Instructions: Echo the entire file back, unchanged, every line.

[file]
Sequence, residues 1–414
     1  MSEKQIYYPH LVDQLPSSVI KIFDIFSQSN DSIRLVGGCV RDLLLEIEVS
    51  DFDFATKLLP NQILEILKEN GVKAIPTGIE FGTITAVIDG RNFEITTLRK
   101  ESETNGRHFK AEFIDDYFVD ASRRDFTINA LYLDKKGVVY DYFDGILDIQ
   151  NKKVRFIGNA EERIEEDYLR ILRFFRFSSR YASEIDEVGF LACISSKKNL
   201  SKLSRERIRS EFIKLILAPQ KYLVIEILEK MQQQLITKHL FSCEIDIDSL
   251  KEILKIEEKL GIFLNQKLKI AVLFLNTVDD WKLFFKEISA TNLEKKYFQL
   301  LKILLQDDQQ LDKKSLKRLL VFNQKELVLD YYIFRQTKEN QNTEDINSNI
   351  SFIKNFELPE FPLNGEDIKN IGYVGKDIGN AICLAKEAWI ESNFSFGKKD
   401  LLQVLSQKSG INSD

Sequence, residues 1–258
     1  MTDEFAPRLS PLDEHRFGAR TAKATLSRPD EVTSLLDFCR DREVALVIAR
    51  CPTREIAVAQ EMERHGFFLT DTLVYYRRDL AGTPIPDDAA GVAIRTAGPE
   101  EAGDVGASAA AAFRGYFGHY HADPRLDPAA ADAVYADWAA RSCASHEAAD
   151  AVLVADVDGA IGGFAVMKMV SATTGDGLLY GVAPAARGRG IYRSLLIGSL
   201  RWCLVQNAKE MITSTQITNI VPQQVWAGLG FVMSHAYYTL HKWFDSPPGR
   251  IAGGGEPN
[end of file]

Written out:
Sequence, residues 1–414
     1  MSEKQIYYPH LVDQLPSSVI KIFDIFSQSN DSIRLVGGCV RDLLLEIEVS
    51  DFDFATKLLP NQILEILKEN GVKAIPTGIE FGTITAVIDG RNFEITTLRK
   101  ESETNGRHFK AEFIDDYFVD ASRRDFTINA LYLDKKGVVY DYFDGILDIQ
   151  NKKVRFIGNA EERIEEDYLR ILRFFRFSSR YASEIDEVGF LACISSKKNL
   201  SKLSRERIRS EFIKLILAPQ KYLVIEILEK MQQQLITKHL FSCEIDIDSL
   251  KEILKIEEKL GIFLNQKLKI AVLFLNTVDD WKLFFKEISA TNLEKKYFQL
   301  LKILLQDDQQ LDKKSLKRLL VFNQKELVLD YYIFRQTKEN QNTEDINSNI
   351  SFIKNFELPE FPLNGEDIKN IGYVGKDIGN AICLAKEAWI ESNFSFGKKD
   401  LLQVLSQKSG INSD

Sequence, residues 1–258
     1  MTDEFAPRLS PLDEHRFGAR TAKATLSRPD EVTSLLDFCR DREVALVIAR
    51  CPTREIAVAQ EMERHGFFLT DTLVYYRRDL AGTPIPDDAA GVAIRTAGPE
   101  EAGDVGASAA AAFRGYFGHY HADPRLDPAA ADAVYADWAA RSCASHEAAD
   151  AVLVADVDGA IGGFAVMKMV SATTGDGLLY GVAPAARGRG IYRSLLIGSL
   201  RWCLVQNAKE MITSTQITNI VPQQVWAGLG FVMSHAYYTL HKWFDSPPGR
   251  IAGGGEPN